Tuesday, August 15, 2006

TO READ: ECT Side Effects
Last week I described the ECT procedure as I've experienced it, and discussed a bit of the stigma that sometimes surrounds the treatment. But what happens after ECT? It varies tremendously from person to person, and sometimes from treatment to treatment in the same person. I'll share what I've been through, since I'm frequently asked about this topic by those considering it, and the just-curious.

Upon waking from a treatment, I was typically groggy, wobbly on my feet and, whether my mood felt better -- usually after a couple of treatments in the series -- or not, I was hungry. After a nurse slowly walked me to the waiting room, the main ECT side effect became apparent: memory difficulties. I had to scan the room for someone I knew who would drive me home, but I didn't know who had brought me in that morning... my husband, my mom (a huge support who came all the way from New Mexico), a friend? My mother- and father-in-law laughed when each morning I was surprised to see them and said, evidently in the exact same voice, "You mean you came all the way here from Wisconsin to help us out?"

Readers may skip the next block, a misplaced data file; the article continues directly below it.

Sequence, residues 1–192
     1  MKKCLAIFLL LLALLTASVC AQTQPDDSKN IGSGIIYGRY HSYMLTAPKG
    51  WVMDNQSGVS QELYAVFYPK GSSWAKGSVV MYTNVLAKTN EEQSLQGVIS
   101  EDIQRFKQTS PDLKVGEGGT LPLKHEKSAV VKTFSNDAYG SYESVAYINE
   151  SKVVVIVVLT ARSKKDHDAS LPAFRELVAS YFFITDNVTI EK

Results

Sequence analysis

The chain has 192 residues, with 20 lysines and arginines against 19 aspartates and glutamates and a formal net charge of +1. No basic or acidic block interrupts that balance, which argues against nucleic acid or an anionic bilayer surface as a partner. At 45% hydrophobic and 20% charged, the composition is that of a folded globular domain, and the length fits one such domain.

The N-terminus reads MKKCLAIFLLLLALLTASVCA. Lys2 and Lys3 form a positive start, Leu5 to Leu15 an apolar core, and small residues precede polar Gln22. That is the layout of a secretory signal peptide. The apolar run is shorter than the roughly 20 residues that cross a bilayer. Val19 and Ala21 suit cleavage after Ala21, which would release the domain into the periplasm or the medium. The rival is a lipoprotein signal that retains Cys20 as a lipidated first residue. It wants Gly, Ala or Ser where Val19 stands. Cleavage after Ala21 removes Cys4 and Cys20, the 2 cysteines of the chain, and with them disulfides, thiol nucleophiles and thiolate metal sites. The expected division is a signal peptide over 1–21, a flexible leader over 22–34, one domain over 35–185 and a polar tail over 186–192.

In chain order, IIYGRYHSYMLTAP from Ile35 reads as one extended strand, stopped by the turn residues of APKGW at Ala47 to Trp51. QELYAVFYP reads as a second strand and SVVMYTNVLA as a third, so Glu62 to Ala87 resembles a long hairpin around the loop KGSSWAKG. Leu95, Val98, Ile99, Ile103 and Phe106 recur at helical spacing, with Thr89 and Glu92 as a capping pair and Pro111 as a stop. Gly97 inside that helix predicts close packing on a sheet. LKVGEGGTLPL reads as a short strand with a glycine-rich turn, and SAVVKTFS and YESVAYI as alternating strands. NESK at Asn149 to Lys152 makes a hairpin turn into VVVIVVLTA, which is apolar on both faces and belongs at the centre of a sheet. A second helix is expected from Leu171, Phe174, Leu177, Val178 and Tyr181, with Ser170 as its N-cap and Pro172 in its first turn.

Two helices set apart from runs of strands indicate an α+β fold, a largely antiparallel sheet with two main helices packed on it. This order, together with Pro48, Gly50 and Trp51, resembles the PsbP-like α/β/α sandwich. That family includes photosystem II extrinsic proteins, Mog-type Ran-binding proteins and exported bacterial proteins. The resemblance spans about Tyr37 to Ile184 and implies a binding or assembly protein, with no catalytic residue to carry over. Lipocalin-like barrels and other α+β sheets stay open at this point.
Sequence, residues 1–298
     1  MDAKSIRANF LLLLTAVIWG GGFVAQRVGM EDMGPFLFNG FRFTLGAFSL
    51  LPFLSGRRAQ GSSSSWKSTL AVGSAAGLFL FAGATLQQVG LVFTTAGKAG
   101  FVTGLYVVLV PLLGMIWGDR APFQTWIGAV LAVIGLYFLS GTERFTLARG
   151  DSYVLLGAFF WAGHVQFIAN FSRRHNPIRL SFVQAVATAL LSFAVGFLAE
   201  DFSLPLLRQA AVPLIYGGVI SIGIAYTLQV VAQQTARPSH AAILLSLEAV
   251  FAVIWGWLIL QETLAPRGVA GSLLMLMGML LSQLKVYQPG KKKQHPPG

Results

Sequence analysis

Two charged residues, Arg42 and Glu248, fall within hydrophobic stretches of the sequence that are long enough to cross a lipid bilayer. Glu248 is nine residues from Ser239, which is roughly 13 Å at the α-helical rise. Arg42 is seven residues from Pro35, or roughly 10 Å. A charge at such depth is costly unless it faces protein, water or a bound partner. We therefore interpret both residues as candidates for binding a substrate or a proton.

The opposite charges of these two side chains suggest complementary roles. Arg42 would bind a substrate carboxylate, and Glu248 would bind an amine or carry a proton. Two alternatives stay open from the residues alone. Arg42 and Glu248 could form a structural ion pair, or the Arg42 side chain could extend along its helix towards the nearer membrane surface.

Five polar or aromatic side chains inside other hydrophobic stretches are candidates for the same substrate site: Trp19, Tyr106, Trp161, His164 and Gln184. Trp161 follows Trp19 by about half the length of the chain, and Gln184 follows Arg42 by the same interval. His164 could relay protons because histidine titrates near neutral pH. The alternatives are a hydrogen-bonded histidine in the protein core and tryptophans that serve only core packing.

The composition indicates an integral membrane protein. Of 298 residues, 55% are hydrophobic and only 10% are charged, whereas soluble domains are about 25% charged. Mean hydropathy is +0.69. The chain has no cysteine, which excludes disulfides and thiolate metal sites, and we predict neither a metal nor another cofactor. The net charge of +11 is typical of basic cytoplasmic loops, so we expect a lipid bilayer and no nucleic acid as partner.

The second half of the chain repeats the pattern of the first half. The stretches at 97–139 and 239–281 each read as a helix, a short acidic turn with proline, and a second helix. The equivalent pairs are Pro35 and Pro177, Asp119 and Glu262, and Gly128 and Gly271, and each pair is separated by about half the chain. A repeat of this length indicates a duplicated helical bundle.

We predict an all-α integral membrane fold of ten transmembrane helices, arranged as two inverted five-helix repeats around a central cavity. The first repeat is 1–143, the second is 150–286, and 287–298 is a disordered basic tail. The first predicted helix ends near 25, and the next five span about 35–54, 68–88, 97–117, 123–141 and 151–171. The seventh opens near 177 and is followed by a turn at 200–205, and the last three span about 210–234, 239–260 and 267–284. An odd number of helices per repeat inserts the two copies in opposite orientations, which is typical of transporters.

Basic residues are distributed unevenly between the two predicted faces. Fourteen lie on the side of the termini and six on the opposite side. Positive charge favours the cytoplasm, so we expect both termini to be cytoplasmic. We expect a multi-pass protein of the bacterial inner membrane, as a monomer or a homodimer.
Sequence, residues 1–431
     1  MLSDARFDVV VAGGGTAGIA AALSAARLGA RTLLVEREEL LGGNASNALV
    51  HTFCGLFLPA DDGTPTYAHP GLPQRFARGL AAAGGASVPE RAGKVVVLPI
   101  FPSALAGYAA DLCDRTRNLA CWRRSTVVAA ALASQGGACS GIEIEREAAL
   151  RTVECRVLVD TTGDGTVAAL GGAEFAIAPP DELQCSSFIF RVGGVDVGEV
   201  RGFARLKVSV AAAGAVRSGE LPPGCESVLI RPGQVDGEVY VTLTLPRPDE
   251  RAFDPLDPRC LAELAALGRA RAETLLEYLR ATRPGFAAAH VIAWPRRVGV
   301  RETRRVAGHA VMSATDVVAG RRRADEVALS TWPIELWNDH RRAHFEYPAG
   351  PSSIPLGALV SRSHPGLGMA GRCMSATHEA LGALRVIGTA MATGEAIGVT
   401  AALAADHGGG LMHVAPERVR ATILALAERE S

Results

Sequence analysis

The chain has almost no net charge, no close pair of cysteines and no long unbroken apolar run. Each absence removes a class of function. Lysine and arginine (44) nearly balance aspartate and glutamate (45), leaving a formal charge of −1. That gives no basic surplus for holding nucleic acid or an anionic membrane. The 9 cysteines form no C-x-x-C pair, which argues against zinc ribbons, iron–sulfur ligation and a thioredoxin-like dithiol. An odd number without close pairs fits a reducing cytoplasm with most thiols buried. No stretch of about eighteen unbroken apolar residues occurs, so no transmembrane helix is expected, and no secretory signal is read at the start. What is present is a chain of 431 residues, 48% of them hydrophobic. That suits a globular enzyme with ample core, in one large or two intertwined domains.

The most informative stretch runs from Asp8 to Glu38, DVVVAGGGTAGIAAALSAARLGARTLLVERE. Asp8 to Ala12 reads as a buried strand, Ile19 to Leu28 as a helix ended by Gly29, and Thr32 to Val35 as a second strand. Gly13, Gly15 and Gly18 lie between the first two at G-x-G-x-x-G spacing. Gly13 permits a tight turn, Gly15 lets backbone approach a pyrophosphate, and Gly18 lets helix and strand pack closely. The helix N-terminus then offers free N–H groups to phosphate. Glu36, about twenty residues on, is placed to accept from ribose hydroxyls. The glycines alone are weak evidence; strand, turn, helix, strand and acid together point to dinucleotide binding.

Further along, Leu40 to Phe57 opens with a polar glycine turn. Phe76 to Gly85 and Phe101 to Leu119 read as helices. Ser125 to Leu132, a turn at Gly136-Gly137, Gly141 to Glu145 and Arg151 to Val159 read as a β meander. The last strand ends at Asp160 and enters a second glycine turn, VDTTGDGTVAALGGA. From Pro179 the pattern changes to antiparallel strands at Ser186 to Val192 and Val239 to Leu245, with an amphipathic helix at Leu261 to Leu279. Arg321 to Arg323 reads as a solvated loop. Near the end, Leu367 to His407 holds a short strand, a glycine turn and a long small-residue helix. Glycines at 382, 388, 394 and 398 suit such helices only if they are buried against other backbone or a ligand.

After a requisit donut in the cafeteria, the drive home (You can't drive for days or weeks after ECT.), and a long nap, I'd awaken to talk with my caretaker for the day, and larger memory issues came up. I generally didn't recall much at all of the past few weeks, including the details of exactly why I went into treatment.I had no idea what books I had been reading, whether I had seen a movie someone was discussing, what the news was with family and friends. I knew, however, that if I still felt extremely depressed, I needed to continue.

Sadly, as the weeks -- and now, even years -- passed, I found gaping holes in my memory that I don't think will be filled. People still frequently tell me of things I've done that I have no inkling about. Most frustrating are the major life events, such as a trip to the Galapagos Islands, and another across Canada, that I didn't even know I'd been on until I was told. On the other hand, some things are still crystal clear, and I treasure those and use them to tie together my picture of my life.

Please bear in mind that while some memory loss is the most common side effect of ECT, it varies tremendously. Some people I know experienced nearly none. I suspect that mine was made worse by having a lot of treatments over the course of several years. And, yes, even considering those frustrating gaps, I'd get ECT again if I needed to.

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